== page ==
3. Let us be thankful for the joyful sound of the gospel, and careful to attend to it. If the Jewish people were blessd, who had a jubilee proclaimed among them once in fifty years, when their debts were cancelled, their inheritances restored, and slaves set at liberty, how happy are we, who so often hear the gospel ! and what a joyful sound is that, which proclaims liberty to the captives of Satan, cancels our debt to divine justice, and proclaims admission to the heavenly inheritance, which by sin we had forfeited. Let us attend to this sound, and comply with the terms on which these privileges are granted ; then shall we walk in the light of God's countenance, possess his favour and love, under a comfortable sense of being accepted of him; and shall have reason to rejoice, notwithstanding all our sufferings and all our fears.
4. We should often contemplate with pleasure the covenant which God hath made with his Son, and with us through him. What is here said of the covenant of royalty made with David and his seed, is very applicable to the covenant of grace made with be. lievers, who are the spiritual seed of Christ. He is therefore called the son of David, and the mercies of the gospel are styled, the sure mercies of David. God hath laid he! on one who is night, and
promised him a glorious and everlasting throre. This affords us great encouragement ; thanks be to God, who causeth us always to triumfih in Christ ! His covenant will he not break, nor alter the thing that is gone out of his lips. • 5. Let us remember the frailty and mortality of human nature ; this will moderate our joys, lighten our sorrows, and quicken us in our preparations for eternity. Death is the end of all men ; of kings, as well as others ; yet God hath not made man in vain. There is time enough here, if we improve it well ; and especially as there is another world beyond this. In the hope and prospect of this we should rejoice, and say, Blessed be the Lord for evermore. Amen, and Amen.
.: PSALM XC.
Occasioned by the sentence which was pronounced upon Israel for
Their murmuring and other provocations, ihat all who were above twenty years old when they came out of Egypt, should die in the wilderness, and never enter Canaan, except Caleb and Joshua, see Numb. xiv, 29, 30.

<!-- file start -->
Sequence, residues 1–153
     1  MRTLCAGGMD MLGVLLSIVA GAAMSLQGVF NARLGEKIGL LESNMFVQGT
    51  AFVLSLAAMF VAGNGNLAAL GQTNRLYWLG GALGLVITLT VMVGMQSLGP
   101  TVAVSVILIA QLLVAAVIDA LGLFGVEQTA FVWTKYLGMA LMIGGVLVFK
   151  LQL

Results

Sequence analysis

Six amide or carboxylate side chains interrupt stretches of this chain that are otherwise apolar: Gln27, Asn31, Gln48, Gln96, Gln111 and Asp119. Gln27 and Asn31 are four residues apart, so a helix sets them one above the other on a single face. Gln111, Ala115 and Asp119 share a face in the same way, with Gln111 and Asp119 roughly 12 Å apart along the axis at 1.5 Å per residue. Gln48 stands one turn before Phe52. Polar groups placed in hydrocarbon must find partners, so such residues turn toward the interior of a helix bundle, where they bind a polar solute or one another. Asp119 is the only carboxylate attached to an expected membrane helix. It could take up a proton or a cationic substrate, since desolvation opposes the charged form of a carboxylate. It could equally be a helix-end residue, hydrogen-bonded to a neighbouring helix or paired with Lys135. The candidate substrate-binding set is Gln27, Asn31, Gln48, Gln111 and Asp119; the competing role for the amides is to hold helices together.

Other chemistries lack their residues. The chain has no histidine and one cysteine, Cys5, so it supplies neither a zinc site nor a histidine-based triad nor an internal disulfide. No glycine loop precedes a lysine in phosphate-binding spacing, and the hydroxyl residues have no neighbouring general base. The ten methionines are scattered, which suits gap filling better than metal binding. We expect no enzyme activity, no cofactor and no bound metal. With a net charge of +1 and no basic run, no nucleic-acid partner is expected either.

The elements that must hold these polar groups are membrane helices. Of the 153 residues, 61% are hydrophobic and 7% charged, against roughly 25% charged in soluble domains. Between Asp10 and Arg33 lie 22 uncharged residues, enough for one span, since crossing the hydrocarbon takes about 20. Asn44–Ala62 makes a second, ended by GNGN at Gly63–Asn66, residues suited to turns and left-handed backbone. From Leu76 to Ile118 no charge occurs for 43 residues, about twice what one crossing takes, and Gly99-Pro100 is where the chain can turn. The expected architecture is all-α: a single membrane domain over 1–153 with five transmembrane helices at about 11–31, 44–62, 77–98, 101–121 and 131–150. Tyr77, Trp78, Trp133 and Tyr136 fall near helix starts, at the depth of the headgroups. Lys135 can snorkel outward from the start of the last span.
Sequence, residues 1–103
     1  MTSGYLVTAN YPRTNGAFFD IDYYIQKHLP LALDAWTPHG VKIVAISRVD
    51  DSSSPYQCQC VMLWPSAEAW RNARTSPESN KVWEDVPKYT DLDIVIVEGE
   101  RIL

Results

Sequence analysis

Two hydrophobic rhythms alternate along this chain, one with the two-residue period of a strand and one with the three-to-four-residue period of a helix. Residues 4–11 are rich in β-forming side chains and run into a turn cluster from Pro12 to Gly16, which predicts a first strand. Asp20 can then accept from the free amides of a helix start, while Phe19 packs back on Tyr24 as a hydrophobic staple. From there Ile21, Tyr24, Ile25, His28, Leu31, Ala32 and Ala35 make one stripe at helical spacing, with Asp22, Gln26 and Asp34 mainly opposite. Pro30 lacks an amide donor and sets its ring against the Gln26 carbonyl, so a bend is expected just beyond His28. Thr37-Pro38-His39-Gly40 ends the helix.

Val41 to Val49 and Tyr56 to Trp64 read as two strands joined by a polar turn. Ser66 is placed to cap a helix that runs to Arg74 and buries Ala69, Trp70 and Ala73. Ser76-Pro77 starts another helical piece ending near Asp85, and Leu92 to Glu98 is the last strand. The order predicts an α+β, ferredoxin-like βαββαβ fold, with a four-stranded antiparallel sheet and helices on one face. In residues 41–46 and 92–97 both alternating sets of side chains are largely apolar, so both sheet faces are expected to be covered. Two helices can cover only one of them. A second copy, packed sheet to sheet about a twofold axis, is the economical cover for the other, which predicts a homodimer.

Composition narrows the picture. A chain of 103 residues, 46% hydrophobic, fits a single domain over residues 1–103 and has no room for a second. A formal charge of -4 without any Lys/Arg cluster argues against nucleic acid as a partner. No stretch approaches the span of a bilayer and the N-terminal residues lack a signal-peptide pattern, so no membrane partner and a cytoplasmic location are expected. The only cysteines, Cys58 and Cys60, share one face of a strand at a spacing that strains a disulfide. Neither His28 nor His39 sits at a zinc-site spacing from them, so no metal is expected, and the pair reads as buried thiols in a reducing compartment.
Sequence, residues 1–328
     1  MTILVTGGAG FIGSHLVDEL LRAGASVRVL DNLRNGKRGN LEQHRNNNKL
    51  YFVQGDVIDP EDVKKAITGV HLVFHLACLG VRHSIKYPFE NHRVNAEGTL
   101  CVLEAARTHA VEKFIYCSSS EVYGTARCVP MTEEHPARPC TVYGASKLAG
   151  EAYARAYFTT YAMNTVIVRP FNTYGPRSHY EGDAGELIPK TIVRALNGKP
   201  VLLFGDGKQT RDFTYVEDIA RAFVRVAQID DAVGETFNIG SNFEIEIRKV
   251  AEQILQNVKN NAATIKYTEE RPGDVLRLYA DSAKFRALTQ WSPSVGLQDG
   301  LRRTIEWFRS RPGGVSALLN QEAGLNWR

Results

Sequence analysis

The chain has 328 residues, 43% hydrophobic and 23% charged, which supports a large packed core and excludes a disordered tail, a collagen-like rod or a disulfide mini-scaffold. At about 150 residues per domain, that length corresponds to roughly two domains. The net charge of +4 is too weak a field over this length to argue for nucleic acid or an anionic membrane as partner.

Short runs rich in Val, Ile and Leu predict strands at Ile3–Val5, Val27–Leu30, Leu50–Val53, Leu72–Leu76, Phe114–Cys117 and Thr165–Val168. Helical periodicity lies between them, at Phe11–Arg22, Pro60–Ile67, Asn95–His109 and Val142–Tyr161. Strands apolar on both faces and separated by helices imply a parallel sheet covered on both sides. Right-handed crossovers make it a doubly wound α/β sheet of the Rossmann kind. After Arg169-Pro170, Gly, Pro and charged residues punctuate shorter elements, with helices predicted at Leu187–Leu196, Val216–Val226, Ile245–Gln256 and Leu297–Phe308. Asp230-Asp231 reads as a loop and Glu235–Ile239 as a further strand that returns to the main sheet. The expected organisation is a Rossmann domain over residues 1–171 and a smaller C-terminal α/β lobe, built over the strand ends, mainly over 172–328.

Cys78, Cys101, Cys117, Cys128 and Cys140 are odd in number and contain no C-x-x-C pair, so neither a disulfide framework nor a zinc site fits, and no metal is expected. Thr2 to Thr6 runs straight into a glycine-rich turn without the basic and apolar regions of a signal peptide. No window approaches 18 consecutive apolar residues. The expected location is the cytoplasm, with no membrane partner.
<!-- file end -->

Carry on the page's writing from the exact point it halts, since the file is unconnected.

TT ORD, thou hast been our dwelling place in all genera.
La tions ; thou hast been å refuge and protection to our fathers in Canaan, and to us in Egypt and in the wilderness, and this is 2 an encouragement to hope that thou wilt not quite forsake us. Be
fore the mountains were brought forth, or ever thou hadst form.
ed the earth and the world, even from everlasting to everlasting 3 thou (art] God. Thou turnest man to destruction ; and sayest,
Return, ye children of men ; referring to the sentence of death
passed on all the human race, dust thou art, and unto dust thou 4 shalt return.' For a thousand years in thy sight (are but] as
yesterday when it is past, and its shortness is more sensible, and
(as) a watch in the night, about three hours, the night being 5 divided into four watches. Thou carriest them away as with a
flood ; hastily and irresistibly ; they are [as] a sleep ; they van.
ish like a dream when a man awakes : in the morning (they are] 6 like grass (which] groweth up. In the morning it flourisheth
and groweth up ;, in the evening it is cut down, and withereth. 7 For we are consumed by thine anger, and by thy wrath are we
troubled ; the source of this destruction is the anger of God 8 against us for our sins. Thou hast set our iniquities before
thee, our secret (sins) in the light of thy countenance ; by the sentence which is passed upon us, it appears that thou hast brought
into the account not only our open, but our secret sins ; those which 9 we have forgolten. For all our days are passed away in thy
wrath ; under the tokens of thy displeasure : we spend our years
10 as a tale (that is told.*) The days of our years (are) three score
years and ten ; and if by reason of strength (they be] four score years, yet (is) their strength labour and sorrow ; for it is soon cut off, and we fly away. Some understand this of those Israel. iles, who came out of Egypt, and died about this age in the wil. derne88 ; but it rather refers to the period of human life in gener. al ; as if he had said, We do not arrive to the age of our forefa.
thers ; and therefore, being doomed to spend our lives in this wil. 11 derness, is peculiarly grievous. Who knoweth, or seriously consid.
ers, the power of thine anger ? even according to thy fear, (so is) thy wrath ; that is, as some unders and it, It is greater or less to particular persons, in proportion as they fear thee. But it rather intimates, that God's wrath is equal to a man's fear ; the
busy imagination of man cannot produce an idea more terrible.t 12 So teach [us] to number our days, that we may apply (our)
hearts unto wisdom ; that we may not repeat the provocations of
our fathers, but, seriously considering the vanity of life, may be 13 come truly religious. Return, O LORD, how long ? and let it 14 repent thee concerning thy servants. O satisfy us early with